In which John Tierney annoys me regarding women in science, part — wait, I’ve lost count

Here’s Tierney in the New York Times:

Similarly, Larry Summers, then president of Harvard, was ostracized in 2005 for wondering publicly whether the preponderance of male professors in some top math and science departments might be due partly to the larger variance in I.Q. scores among men (meaning there are more men at the very high and very low ends). “This was not a permissible hypothesis,” Dr. Haidt said. “It blamed the victims rather than the powerful. The outrage ultimately led to his resignation. We psychologists should have been outraged by the outrage. We should have defended his right to think freely.”

Instead, the taboo against discussing sex differences was reinforced, so universities and the National Science Foundation went on spending tens of millions of dollars on research and programs based on the assumption that female scientists faced discrimination and various forms of unconscious bias.

Here’s a Google Scholar search for “gender differences in cognition.” The first page of results includes the 1995 paper “Magnitude of sex differences in spatial abilities: A meta-analysis and consideration of critical variables,” by Voyer, Voyer, and Bryden, which has been cited 791 times.

Camilla Benbow’s paper Sex differences in mathematical reasoning ability in intellectually talented preadolescents: Their nature, effects, and possible causes” has been cited over 300 times:  the abstract concludes “It is therefore proposed that the sex difference in SAT-M scores among intellectually talented students, which may be related to greater male variability, results from both environmental and biological factors.”

Here’s a selection of papers from the Organization for the Study of Sex Differences, including “Evidence for sex-specific shifting of neural processes underlying learning and memory following stress,” about cognitive differences between men and women under conditions of stress.  The OSSD’s 2010 annual meeting was funded by the National Science Foundation.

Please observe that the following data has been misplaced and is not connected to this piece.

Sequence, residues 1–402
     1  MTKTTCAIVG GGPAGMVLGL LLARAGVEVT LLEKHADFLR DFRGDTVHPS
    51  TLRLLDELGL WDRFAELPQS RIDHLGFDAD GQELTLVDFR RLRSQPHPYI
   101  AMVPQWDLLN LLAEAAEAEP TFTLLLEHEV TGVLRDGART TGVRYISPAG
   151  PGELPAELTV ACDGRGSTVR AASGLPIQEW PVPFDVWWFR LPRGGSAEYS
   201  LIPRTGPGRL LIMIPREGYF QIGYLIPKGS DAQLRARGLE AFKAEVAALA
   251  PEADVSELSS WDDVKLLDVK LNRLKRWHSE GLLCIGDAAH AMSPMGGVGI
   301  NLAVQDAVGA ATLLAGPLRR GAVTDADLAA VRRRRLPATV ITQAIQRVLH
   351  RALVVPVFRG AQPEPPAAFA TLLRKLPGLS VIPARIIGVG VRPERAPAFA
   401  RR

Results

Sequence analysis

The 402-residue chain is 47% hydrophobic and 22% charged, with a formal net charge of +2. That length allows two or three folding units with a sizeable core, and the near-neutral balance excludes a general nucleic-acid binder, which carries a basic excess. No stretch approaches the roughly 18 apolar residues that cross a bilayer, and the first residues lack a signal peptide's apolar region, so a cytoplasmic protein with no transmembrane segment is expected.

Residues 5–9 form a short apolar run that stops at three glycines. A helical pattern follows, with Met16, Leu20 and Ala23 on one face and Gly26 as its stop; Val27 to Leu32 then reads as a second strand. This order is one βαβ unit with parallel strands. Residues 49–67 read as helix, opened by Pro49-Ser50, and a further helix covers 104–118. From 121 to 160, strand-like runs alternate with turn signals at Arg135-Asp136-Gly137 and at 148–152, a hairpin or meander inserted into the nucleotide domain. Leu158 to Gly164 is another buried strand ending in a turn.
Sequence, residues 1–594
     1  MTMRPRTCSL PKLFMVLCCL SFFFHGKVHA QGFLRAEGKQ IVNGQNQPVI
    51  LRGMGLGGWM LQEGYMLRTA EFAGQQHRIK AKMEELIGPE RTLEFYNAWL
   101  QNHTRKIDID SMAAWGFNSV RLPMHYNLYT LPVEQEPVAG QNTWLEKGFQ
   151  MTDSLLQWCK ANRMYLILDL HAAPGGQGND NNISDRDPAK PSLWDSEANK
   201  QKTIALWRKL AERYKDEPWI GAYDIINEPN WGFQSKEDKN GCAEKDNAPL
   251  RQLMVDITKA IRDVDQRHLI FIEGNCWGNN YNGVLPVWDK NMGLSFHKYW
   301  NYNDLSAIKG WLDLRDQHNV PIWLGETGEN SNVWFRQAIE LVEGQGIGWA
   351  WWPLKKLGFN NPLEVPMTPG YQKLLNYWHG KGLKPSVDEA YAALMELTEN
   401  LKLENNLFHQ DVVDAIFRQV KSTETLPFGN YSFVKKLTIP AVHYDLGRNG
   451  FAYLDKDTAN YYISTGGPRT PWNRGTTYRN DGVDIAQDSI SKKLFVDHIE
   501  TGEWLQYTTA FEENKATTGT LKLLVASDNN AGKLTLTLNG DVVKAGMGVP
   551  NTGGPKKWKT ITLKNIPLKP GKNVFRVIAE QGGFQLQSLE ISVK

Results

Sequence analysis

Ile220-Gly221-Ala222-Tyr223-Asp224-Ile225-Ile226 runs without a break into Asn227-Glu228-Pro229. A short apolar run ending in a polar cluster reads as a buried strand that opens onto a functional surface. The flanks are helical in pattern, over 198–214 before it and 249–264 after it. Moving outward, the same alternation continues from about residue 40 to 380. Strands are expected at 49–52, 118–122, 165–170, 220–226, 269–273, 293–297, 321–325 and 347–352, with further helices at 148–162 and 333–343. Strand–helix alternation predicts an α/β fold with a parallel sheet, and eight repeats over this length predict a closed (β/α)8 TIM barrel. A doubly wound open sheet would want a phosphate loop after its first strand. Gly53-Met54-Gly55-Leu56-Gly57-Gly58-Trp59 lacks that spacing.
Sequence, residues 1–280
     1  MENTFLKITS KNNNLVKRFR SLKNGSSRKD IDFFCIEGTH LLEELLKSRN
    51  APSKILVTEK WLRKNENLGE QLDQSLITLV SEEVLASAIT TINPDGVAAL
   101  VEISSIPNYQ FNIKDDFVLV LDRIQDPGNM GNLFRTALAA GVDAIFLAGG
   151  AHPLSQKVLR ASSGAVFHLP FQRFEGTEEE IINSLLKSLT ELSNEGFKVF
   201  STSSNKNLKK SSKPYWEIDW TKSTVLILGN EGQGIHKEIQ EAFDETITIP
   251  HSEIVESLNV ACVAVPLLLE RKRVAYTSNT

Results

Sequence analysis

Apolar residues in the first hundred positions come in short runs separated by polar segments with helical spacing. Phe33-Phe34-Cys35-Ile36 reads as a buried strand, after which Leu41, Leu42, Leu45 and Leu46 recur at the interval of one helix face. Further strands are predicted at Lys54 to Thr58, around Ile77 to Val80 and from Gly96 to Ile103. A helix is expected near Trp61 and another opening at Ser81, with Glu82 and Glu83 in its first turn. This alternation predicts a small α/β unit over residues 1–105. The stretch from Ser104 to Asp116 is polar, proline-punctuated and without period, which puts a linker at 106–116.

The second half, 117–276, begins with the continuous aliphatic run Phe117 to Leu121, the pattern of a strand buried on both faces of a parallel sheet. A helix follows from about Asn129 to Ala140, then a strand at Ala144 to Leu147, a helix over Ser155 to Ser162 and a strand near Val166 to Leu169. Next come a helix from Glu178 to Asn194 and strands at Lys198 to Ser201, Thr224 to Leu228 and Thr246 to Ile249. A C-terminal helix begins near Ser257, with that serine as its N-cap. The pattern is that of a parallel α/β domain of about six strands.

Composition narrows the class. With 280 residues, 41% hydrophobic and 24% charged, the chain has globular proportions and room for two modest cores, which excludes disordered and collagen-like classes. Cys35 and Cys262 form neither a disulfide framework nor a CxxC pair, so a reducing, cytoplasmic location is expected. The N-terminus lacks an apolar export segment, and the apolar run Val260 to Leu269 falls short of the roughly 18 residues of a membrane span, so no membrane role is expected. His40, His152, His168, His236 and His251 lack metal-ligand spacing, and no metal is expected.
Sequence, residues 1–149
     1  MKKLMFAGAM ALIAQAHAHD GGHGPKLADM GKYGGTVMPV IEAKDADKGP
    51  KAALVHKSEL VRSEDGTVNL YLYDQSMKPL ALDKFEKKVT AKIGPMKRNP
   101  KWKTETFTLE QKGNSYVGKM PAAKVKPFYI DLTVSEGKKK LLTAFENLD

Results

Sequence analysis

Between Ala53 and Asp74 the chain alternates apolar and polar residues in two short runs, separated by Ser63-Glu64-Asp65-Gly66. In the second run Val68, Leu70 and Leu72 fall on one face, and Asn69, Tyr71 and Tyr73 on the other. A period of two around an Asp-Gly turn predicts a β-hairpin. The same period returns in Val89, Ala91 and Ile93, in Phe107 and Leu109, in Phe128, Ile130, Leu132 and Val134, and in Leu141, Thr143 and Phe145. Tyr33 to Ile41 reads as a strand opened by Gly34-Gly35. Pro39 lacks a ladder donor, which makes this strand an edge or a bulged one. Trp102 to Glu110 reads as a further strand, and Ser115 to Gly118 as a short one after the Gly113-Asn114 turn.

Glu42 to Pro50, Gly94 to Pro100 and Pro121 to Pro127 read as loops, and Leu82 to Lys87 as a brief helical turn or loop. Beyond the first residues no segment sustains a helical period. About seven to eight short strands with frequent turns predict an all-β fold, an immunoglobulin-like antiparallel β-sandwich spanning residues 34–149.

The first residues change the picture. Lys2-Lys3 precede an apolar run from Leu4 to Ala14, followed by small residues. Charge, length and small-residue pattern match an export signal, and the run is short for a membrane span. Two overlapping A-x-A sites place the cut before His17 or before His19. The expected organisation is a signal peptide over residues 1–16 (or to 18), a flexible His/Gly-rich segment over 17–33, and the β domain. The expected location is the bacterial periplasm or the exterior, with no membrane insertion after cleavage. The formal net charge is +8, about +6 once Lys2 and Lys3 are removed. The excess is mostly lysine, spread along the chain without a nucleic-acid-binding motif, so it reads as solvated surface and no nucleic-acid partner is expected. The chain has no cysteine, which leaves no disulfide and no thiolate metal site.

All I can say is, this is some really crappy taboo enforcement.  Politically correct mandarins of academia, get on the stick!

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4 thoughts on “In which John Tierney annoys me regarding women in science, part — wait, I’ve lost count

  1. Tom Nevins says:

    If I remember correctly, one of the major criticisms directed at Summers at the time was that he hadn’t bothered to actually look at the (very extensive) literature on exactly this point. More precisely, it was claimed that Summers raised the question and proposed a mechanism but didn’t bother to wonder whether anyone had ever thought about it before, much less make an attempt to digest the literature to see whether his proposed mechanism held up. To be fair, that last sentence is probably overstating the point significantly. Still, if even a much milder version of the criticism is accurate, I can see why people in the area might be awfully annoyed.

  2. majordomo says:

    I recognize Camilla Benbow’s name. She was associated with the Johns Hopkins Center for Talented Youth program pioneered by Julian Stanley. If I remember correctly, he too believed in innate cognitive differences between males and females, based on studying the records of the kids in his program and the ones in SMPY (Study of Mathematically Precocious Youth) cohorts.

    Jordan, if I recall, you were also part of this program, growing up in Maryland in the 80s. I’ve even seen papers by Julian Stanley citing you (not by name of course, but by your many achievements in high school). Do you agree with the conclusions (on gender differences) that Stanley and Benbow draw from studying your cohort ?

  3. T.T. says:

    Exactly what conclusions did they draw? That there are “innate cognitive differences” of some kind isn’t really controversial. But the only way that innate cognitive differences give Larry Summers a pass is if those differences are enough to explain most of (or even a significant part of) the gender ratio in science, and I haven’t seen much evidence of that—certainly nothing comparable to the evidence of a major role for the “discrimination and various forms of unconscious bias” that John Tierney tries to ignore.

  4. majordomo says:

    T.T., in their 1980 paper, Stanley and Benbow suggested that gender differences in mathematical reasoning ability may have a biological origin, and that this innate intellectual disparity is only exacerbated by environmental influences. Thus they are implying that the environmental influence is only secondary to what they consider to be the root cause, i.e. biological differences. At least that’s what I gleaned from the paper, you can read it for yourself below:

    Benbow, C. P., & Stanley J. C. (1980). Sex differences in mathematical ability: Fact or Artifact? Science, 210(12), 1262-1264

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